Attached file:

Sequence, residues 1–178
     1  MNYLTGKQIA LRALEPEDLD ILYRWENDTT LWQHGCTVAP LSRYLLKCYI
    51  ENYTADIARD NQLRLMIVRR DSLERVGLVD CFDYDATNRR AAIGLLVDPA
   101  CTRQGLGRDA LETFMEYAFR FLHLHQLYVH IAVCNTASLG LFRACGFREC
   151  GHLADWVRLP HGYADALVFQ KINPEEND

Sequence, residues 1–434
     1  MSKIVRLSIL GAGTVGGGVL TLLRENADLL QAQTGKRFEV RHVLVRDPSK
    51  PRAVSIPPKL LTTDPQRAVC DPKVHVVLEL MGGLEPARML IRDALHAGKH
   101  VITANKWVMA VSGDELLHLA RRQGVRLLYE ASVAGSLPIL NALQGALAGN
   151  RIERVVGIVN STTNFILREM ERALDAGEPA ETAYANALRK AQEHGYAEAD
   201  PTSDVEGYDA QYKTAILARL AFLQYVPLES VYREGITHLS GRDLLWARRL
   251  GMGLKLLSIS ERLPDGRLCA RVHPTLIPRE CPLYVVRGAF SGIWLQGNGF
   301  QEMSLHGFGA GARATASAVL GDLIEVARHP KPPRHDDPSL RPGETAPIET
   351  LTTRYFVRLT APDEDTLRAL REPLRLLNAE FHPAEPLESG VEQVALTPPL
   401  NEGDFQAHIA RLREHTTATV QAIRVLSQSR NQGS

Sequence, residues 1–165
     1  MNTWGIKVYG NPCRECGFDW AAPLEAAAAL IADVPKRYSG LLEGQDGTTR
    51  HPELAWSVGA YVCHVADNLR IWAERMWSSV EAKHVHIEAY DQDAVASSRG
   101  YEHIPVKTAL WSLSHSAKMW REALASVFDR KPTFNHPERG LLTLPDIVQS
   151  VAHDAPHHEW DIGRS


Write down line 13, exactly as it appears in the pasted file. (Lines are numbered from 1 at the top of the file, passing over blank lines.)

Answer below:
   301  QEMSLHGFGA GARATASAVL GDLIEVARHP KPPRHDDPSL RPGETAPIET